TY - BOOK

T1 - Column reduction of polynomial matrices : an iterative algorithm

AU - Neven, W.H.L.

AU - Praagman, C.

PY - 1989

Y1 - 1989

N2 - Introduction
Recently Beelen developed an algorithm, called KERPOL, to detennine a minimal basis for the kernel of a polynomial matrix (see Beelen [1], Beelen-Veltkamp [3]).
In Beelen-Van den Hurk-Praagman [2] this algorithm is used to find a column reduced polynomial matrix, unimodularly equivalent to a given polynomial matrix. As reported already in Neven [7] this algorithm can be improved considerably, by exploiting the special structure of the polynomial map to which the algorithm KERPOL is applied. In the first place this speeds up the procedure at least by a factor 4, and makes it possible to achieve an iteration, instead starting from scratch at each new step. In this paper, we show that it, moreover, enables us to drop the assumption that the original matrix should have full column rank.
In section 1 we give the basic definitions and recall the results from [2], section 2 is devoted to the structure indices of polynomial matrices. In section 3 we prove some results on the structure indices of the associated polynomials, and give the main result of this paper.
Let us finish this introduction by pointing out some conceptual differences between this paper and its predecessors [1,2,3,4,7]. In the latter a polynomial matrix was interpreted as a mapping between spaces of rational functions. We think it is more natural to see a polynomial matrix as a mapping between two free modules over the ring of polynomials.

AB - Introduction
Recently Beelen developed an algorithm, called KERPOL, to detennine a minimal basis for the kernel of a polynomial matrix (see Beelen [1], Beelen-Veltkamp [3]).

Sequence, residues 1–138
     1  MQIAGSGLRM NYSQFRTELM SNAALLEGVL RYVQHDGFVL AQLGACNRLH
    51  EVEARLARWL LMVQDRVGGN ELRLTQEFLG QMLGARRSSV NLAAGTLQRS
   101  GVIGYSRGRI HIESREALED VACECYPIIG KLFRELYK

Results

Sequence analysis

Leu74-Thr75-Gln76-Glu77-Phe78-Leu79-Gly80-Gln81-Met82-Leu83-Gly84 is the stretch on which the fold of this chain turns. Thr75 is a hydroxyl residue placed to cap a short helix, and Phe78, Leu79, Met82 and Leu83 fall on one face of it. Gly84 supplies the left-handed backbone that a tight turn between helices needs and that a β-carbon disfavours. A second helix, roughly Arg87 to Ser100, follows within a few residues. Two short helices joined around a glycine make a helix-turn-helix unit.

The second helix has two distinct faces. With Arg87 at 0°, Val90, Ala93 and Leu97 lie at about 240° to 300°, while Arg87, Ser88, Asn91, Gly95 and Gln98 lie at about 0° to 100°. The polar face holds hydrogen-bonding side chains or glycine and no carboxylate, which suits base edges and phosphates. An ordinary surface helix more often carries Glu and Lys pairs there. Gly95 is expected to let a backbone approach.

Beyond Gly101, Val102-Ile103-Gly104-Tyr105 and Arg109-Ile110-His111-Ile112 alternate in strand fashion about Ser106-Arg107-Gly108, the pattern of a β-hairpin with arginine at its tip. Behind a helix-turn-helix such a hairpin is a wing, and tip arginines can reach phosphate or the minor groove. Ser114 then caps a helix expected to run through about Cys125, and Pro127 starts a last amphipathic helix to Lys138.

In Beelen-Van den Hurk-Praagman [2] this algorithm is used to find a column reduced polynomial matrix, unimodularly equivalent to a given polynomial matrix. As reported already in Neven [7] this algorithm can be improved considerably, by exploiting the special structure of the polynomial map to which the algorithm KERPOL is applied. In the first place this speeds up the procedure at least by a factor 4, and makes it possible to achieve an iteration, instead starting from scratch at each new step. In this paper, we show that it, moreover, enables us to drop the assumption that the original matrix should have full column rank.
In section 1 we give the basic definitions and recall the results from [2], section 2 is devoted to the structure indices of polynomial matrices. In section 3 we prove some results on the structure indices of the associated polynomials, and give the main result of this paper.
Let us finish this introduction by pointing out some conceptual differences between this paper and its predecessors [1,2,3,4,7]. In the latter a polynomial matrix was interpreted as a mapping between spaces of rational functions. We think it is more natural to see a polynomial matrix as a mapping between two free modules over the ring of polynomials.

M3 - Report

T3 - Memorandum COSOR

BT - Column reduction of polynomial matrices : an iterative algorithm

PB - Technische Universiteit Eindhoven

CY - Eindhoven

ER -